35. * Other manifestation: Thrombocytopenia :- Petaechial rashes, easy bruising, hemetemesis, malena, bleeding gums. Leucopenia :- Recurrent respiratory and urinary tract infections. Jaundice:- haemolytic jaundice due to increase haemolysis of immature precursor cells. Reversible melanin skin hyperpigmentation.
36. Laboratory Findings * The peripheral blood smear: • It is usually strikingly abnormal, with anisocytosis and poikilocytosis. A characteristic finding is the macro- ovalocyte, but numerous other abnormal shapes are usually seen. The neutrophils are hyper segmented. • The MCV is usually strikingly elevated >100 fl. • The reticulocyte count is reduced(less than 0.5%). • Because vitamin B12 deficiency affects all hematopoietic cell lines, in severe cases the white blood cell count and the platelet count are reduced, and pancytopenia is present.
37. Peripheral blood smear in Megaloblastic anemia Blood film in vitamin B12deficiency showing macrocytic red cells and a hyper segmented neutrophil.
38. Laboratory Findings * Bone marrow morphology : • It is characteristically abnormal. • Marked erythroid hyperplasia is present as a response to defective red blood cell production (ineffective erythropoiesis), the cells are larger than normoblast. • Megaloblastic changes in the erythroid series include abnormally large cell size and asynchronous maturation of the nucleus and cytoplasm—i.e. cytoplasmic maturation continues while impaired DNA synthesis causes retarded nuclear development. • Giant metamyelocytes(in myeloid series) & enlarged hyperpolyploid megakaryocytes are characteristically seen.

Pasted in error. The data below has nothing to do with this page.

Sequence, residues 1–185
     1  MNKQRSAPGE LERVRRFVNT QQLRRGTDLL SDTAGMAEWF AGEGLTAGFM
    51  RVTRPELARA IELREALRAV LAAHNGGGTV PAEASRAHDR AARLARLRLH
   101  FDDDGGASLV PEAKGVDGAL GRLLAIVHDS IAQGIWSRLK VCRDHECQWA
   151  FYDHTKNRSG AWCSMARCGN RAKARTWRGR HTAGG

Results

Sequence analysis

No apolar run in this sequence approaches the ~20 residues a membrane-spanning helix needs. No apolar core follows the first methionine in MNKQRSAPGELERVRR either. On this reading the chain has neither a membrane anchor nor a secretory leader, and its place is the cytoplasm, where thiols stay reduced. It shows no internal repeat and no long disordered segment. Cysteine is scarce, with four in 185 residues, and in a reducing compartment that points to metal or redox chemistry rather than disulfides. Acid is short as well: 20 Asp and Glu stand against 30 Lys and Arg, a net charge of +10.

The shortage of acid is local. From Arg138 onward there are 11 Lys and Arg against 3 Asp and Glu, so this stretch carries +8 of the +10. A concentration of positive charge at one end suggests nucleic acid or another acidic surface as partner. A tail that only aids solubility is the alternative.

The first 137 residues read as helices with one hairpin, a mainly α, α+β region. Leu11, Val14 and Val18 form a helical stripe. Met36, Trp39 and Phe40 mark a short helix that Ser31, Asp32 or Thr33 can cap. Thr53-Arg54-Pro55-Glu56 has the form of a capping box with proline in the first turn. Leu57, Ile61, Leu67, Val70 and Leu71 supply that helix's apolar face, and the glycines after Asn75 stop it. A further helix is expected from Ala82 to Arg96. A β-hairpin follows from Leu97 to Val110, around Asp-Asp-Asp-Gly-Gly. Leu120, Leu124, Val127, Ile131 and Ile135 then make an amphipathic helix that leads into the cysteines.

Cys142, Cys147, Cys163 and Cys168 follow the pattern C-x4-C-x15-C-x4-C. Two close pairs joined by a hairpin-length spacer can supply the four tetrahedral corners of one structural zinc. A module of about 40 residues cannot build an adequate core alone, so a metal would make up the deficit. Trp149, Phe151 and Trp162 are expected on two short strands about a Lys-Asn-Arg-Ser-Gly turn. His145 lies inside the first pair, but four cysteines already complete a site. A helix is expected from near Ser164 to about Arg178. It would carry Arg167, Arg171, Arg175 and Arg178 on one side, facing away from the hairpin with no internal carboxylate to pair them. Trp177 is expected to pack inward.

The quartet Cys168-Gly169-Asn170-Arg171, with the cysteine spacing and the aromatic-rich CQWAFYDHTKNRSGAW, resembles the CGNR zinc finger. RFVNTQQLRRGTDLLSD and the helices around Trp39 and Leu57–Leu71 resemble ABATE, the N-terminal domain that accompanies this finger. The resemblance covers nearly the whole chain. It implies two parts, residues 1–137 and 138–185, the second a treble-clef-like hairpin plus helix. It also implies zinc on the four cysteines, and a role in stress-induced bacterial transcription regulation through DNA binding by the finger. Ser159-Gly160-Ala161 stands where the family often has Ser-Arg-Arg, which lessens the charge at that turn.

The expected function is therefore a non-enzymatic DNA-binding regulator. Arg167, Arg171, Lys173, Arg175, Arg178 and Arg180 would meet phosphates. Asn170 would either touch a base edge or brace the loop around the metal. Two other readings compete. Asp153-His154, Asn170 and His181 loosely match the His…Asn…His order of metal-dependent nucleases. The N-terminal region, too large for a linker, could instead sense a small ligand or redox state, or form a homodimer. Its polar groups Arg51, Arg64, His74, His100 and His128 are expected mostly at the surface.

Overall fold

39. Laboratory Findings • Other laboratory abnormalities include elevated serum lactate dehydrogenase (LDH) and a modest increase in indirect bilirubin. • These two findings are a reflection of intramedullary destruction of developing abnormal erythroid cells and are similar to those observed in peripheral hemolytic anemias.
40. Laboratory Findings *Serum cobalamin level: The diagnosis of vitamin B12 deficiency is made by finding an abnormally low vitamin B12 (cobalamin) serum level. • The normal vitamin B12 level is > 200 ng/L, • Most patients with overt vitamin B12 deficiency can have serum levels less than 170 ng/mL, with symptomatic patients usually having levels less than 100 ng/ml. • A level of 100 to 200 ng/L is borderline.
41. Laboratory Findings *Estimation of serum methylmalonic acid levels: • In patients with coblamine deficiency sufficient to cause anemia or neuropathy serum MMA level is raised. • When the serum level of vitamin B12 is borderline, the diagnosis is best confirmed by finding an elevated level of serum methylmalonic acid (> 4.7ug/dL). • However, elevated levels of serum methylmalonic acid can also be due to renal insufficiency.
42. • There is also increase level of Homocysteine in blood. • The MMA and homocysteine level start rising even before decrease in cobalamin level in blood so both can be use as a screening marker for cobalamin deficiency. • The Schilling test is now rarely used.
43. Schilling test: • Why the Schilling test is performed? The test can help to determine whether stomach is producing “intrinsic factor’’ or not. And where is the pathology(stomach/ pancreas/ intestine).
44. *Procedure: Stage 1: oral vitamin B12 plus intramuscular vitamin B12 • Oral dose: patient is given radiolabeled Vit B12 – The most commonly used radiolabels are 57Co and 58Co. • An intramuscular injection of unlabeled vitamin B12 is given an hour later. • The patient's urine is then collected over the next 24 hours to assess the absorption. • A normal result shows at least 10% of the radiolabeled vitamin B12 in the urine over the first 24 hours. • In patients with impaired absorption, less than 10% of the radiolabeled vitamin B12 is detected .